In News, Skills

Universities in the North East are leading the way in developing solutions to global challenges such as ageing and productivity. At Newcastle University, Dame Professor Louise Robinson has been recognised for her research into ageing.

Professor Dame Louise Robinson is one of the Nation’s Lifesavers – the top 100 individuals or groups based in universities whose work is saving lives and making a life-changing difference to our health and wellbeing.

They were named as part of Universities UK’s MadeAtUni campaign, which brings to life the impact of universities on everyday lives.

Dame Louise was key in the £40m Government bid for Newcastle University to host the National Innovation Centre for Ageing (NICA) – the first to bring together a collaboration of business, academia and the public to develop products and services to improve lives as we get older.

Her research, published in more than 120 academic papers, focuses on helping people remain independent in old age and facilitating healthy ageing across their lifetime.

By Royal appointment, she received the only Regius Professorship of Ageing and has been made a Dame because of her outstanding contribution to the topic.

Her work to improve the care of those with dementia was recognised with the first NIHR professorship for her ‘Living well with dementia’ programme.

Dame Louise has twice been awarded the National Clinical Champion for Ageing by the Royal College of General Practitioners, she is currently leading a £2m Global Health Research programme.

Dame Louise said: “I have been passionate about improving care for people with dementia since I was a young GP.

“Joining Newcastle University as a Lecturer allowed me to develop a personal research programme in the area of dementia care and witness how my academic career has improved the quality of care for older people, not just at a local level but nationally and internationally.”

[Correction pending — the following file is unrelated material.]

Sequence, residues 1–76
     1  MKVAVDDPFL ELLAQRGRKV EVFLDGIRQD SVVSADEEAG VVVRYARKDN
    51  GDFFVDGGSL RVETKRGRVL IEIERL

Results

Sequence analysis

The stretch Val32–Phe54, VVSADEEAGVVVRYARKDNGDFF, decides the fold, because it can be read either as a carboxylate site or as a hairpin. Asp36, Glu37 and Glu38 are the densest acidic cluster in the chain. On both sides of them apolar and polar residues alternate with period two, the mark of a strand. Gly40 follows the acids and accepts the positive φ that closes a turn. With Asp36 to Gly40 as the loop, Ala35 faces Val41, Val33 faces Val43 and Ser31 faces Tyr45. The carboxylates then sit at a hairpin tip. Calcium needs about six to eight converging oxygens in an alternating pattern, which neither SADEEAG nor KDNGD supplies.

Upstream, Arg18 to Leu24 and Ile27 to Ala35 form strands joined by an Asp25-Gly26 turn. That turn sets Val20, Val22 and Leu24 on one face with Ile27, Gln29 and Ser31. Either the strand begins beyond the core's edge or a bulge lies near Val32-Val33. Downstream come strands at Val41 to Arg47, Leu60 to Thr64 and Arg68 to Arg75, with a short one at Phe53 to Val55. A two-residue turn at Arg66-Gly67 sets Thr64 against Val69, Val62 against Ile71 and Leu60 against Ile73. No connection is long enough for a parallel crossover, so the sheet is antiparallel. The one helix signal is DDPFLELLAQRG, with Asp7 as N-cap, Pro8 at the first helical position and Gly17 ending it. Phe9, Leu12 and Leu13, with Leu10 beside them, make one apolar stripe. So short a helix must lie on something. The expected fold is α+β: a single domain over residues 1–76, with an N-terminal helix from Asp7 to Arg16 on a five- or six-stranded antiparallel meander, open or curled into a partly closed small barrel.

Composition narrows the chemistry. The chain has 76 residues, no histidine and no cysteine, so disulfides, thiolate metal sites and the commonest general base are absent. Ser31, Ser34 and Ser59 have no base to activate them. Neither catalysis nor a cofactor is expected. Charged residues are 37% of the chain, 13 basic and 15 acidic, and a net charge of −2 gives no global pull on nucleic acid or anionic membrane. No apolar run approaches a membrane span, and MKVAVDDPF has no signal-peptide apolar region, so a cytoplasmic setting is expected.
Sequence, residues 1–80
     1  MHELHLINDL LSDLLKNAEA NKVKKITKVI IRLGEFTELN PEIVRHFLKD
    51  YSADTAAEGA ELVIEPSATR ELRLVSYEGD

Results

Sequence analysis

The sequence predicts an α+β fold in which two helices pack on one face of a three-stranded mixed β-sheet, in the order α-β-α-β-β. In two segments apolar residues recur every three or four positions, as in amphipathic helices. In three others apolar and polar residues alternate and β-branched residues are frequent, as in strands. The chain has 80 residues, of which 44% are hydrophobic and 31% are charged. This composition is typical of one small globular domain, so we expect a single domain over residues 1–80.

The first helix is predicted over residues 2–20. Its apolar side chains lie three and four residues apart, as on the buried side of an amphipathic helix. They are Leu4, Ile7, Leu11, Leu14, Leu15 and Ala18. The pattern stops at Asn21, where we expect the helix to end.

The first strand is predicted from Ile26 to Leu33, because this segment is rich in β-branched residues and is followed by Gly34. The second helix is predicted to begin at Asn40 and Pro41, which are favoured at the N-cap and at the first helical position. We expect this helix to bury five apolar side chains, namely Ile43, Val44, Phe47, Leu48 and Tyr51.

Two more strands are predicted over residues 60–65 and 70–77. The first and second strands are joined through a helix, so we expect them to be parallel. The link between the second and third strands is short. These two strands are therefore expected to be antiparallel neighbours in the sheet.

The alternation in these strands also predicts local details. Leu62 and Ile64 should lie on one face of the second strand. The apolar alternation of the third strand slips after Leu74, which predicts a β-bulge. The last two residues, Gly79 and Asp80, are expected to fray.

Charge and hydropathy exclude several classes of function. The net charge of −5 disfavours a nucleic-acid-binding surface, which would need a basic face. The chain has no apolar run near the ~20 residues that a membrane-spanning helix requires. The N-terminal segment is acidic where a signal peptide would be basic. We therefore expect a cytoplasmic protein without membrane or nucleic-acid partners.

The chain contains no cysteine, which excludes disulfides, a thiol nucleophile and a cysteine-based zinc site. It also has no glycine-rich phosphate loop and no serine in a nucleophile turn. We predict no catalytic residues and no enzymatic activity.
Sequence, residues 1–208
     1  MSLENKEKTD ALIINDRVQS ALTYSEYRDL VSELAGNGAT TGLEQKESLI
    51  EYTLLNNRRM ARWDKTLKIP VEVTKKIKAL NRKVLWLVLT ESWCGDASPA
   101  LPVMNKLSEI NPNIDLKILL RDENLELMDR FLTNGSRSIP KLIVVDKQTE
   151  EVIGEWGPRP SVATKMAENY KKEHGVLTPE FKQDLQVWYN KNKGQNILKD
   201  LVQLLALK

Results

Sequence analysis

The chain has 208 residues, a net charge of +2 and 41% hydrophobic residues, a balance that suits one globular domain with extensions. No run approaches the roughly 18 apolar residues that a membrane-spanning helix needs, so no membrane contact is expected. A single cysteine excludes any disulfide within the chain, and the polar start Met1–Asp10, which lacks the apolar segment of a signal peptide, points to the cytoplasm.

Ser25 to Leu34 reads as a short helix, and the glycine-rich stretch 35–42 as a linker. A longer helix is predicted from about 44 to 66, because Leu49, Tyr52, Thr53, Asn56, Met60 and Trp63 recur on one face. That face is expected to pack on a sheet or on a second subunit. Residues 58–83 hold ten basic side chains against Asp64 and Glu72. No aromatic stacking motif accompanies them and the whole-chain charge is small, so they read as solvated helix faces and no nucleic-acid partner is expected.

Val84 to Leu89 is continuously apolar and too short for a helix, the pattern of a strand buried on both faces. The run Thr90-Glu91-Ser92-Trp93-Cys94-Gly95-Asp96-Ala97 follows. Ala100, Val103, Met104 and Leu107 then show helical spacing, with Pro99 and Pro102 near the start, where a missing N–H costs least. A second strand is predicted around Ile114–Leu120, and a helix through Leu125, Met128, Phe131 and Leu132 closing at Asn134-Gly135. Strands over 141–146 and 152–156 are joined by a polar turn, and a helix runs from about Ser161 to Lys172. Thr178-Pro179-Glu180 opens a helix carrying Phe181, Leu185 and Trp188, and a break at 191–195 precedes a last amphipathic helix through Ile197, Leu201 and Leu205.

The Alzheimer’s Society funded £1.7m for Dame Louise to set up a ‘Centre of Excellence’ at Newcastle University for dementia care research.

Fiona Carragher, Chief Policy and Research Officer at Alzheimer’s Society, said: “Professor Dame Louise Robinson is working on the frontline of dementia research, bringing real change to the people who need it the most.

“Her recognition as one of the Nation’s Lifesavers reflects her commitment and passion to tackling dementia as a clinician and a researcher, improving the available support for people with dementia at every step, from diagnosis to end of life.

“We are delighted to be supporting her research through our ground-breaking Centre of Excellence PRI-dem, based at Newcastle University, which aims to end the postcode lottery of dementia care after diagnosis across the UK.

“It is dedicated researchers like Professor Dame Louise Robinson who will pave the way to breakthroughs that will ensure the 850,000 people living with dementia in the UK receive the care they need and can live well.”

The Nation’s Lifesavers are fighting diseases, helping new parents and children enjoy the best start in life, supporting older people and improving our mental health and wellbeing. The selection reveals the amazing use of technology, such as drones to fight malaria, a smart glove for communicating sign language and robots helping older people.

Universities from across the country were invited to nominate an individual or group who has made a significant contribution to the nation’s health and wellbeing. Over 100 universities from Plymouth to Dundee submitted a nomination.

Professor Chris Day, Vice-Chancellor and President of Newcastle University, said: “It is a fantastic honour that Professor Dame Louise Robinson is featured as one of the Nation’s Lifesavers for her world-leading work in dementia research.

“The MadeAtUni campaign is a great chance to celebrate the many ways universities are having a significant impact on our everyday lives.”

Find out more about the ways universities are having a significant impact on our everyday lives at www.madeatuni.org.uk.

The North East’s higher education and further education institutions play a vital role in helping to build a strong regional economy, from their contributions to innovation, social mobility and workplace productivity, to the role they play in bringing skills and investment to the region. Read more about the role of our universities, colleges and educational establishments in the North East Strategic Economic Plan.   

Share on: